Microsoft: Servers, XP Growing Revenues
- By Scott Bekker
Microsoft Corp. used its recent financial earnings report to highlight momentum in its server and business products. Strong performers, according to the company, included SQL Server Enterprise Edition, Windows 2000 Server and Windows XP Professional.
Microsoft officials called attention to the business products during what amounted to a record quarter in the first quarter of Microsoft's fiscal 2003. During the three months ended Sept. 30, Microsoft raked in $7.75 billion in revenues and $4.05 billion in operating income. CFO John Connors and CEO Steve Ballmer downplayed the results, citing a continuing weak PC market and a positive effect on revenues from the Licensing 6.0 program.
"Revenues from Server Platforms grew 14 percent in the first quarter, driven by superior performances across a breadth of server products including the Windows 2000 Server and Microsoft SQL Server 2000 family of products," the company said in a statement.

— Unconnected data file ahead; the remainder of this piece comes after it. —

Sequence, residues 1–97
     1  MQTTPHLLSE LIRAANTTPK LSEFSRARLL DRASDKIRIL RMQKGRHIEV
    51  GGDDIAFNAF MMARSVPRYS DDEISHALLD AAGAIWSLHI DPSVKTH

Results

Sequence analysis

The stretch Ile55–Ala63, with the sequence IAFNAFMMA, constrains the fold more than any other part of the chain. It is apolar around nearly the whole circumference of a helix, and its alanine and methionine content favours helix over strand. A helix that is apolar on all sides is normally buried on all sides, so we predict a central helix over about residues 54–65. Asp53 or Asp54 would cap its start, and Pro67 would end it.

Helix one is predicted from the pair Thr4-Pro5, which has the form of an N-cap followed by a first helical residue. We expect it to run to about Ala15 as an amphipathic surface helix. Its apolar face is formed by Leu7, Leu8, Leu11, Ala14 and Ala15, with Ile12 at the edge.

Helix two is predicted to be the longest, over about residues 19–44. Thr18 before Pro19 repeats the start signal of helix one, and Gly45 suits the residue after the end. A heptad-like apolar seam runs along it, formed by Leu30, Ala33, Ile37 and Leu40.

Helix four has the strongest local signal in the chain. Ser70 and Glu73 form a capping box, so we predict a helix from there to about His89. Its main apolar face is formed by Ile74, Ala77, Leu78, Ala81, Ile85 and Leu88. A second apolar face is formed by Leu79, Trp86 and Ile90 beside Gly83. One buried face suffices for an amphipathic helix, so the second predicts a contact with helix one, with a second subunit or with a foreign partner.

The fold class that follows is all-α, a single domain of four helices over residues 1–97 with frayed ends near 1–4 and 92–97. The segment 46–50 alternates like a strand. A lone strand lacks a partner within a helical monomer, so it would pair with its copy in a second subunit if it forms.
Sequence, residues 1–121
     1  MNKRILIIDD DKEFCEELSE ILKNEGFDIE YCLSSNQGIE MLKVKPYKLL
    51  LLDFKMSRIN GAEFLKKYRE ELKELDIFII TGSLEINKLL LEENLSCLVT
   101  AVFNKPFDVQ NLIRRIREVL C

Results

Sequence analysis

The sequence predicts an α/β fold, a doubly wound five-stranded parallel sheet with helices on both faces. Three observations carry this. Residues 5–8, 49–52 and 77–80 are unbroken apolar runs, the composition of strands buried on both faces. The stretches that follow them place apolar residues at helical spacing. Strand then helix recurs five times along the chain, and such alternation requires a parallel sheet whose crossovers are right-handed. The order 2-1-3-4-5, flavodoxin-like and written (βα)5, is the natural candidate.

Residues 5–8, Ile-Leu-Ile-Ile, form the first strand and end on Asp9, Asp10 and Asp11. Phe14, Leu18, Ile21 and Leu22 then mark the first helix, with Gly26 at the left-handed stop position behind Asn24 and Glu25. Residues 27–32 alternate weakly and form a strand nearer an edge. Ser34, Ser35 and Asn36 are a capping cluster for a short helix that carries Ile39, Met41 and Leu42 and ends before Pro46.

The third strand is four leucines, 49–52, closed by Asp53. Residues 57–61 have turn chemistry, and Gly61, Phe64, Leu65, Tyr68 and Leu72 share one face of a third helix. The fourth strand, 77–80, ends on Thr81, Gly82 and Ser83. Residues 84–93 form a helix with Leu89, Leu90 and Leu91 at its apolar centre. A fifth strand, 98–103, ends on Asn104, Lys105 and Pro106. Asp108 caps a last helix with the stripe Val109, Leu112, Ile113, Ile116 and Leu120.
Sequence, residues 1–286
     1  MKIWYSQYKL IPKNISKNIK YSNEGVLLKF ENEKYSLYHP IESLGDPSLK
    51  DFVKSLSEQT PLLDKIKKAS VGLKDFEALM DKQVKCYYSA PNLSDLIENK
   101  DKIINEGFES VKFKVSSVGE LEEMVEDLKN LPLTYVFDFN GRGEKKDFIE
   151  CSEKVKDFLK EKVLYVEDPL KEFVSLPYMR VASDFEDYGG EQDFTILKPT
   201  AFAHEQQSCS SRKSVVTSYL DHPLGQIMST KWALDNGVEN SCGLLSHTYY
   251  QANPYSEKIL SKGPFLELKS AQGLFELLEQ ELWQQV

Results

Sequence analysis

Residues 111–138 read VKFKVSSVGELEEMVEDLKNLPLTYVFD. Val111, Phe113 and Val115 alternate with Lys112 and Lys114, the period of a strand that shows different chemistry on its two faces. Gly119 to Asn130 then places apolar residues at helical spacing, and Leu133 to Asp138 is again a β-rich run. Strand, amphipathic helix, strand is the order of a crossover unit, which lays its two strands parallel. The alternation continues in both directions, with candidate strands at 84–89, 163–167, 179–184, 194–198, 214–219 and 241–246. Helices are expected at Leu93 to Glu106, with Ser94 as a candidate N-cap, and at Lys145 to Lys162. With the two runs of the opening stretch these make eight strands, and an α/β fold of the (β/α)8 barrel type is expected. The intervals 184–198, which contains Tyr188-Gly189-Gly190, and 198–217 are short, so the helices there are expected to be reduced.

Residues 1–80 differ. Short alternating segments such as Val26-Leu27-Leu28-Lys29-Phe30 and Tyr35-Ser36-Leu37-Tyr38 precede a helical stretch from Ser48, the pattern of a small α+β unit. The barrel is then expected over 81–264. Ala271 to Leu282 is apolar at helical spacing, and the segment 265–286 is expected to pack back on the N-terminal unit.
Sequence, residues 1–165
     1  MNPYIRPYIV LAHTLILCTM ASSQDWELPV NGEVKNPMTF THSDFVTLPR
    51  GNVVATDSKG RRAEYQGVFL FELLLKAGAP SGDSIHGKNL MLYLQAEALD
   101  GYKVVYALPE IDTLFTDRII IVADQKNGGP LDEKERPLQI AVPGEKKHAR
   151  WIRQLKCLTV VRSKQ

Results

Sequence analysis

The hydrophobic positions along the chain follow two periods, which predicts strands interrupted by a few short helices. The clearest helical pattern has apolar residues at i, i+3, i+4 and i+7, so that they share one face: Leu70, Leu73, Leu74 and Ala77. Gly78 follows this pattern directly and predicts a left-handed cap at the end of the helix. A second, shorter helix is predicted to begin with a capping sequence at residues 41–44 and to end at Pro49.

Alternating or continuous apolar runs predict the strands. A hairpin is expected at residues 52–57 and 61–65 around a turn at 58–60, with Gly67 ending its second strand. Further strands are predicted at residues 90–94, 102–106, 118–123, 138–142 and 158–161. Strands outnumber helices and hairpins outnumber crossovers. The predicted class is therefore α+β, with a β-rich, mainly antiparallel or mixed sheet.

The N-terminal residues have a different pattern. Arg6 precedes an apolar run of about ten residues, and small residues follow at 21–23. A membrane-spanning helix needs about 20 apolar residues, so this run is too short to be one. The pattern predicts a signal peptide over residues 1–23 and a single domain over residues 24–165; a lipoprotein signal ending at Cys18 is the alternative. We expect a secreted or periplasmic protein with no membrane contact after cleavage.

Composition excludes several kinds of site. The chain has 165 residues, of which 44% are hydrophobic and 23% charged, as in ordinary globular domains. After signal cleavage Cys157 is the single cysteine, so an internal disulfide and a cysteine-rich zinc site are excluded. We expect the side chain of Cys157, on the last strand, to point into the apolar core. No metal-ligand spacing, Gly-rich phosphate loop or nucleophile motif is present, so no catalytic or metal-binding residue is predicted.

Revenue gains came from a continuing trend for customers to buy increasing numbers of servers through multi-year contracts. Notable hefty purchases this quarter came from AFLAC, Bayer, ChevronTexaco and Unisys.
The Enterprise Edition of SQL Server saw 51 percent revenue growth over the quarter. The higher-end version of Microsoft's flagship databases costs $20,000 per processor, four times the $5,000-per-processor cost of vanilla SQL Server 2000.
Microsoft characterizes sales of Windows XP as "robust," with client operating system revenues growing 33 percent and Professional versions accounting for 63 percent of all OS sales. Microsoft claims 67 million copies of Windows XP have been sold by OEMs and retailers.
Meanwhile, Microsoft noted that demand for its forthcoming Windows .NET Server 2003 is brisk. More than 200,000 customers signed up through the Corporate Preview Program to get their hands on pre-release versions of the server operating system, which is expected to release to manufacturing in December.
Scott Bekker is editor in chief of Redmond Channel Partner magazine.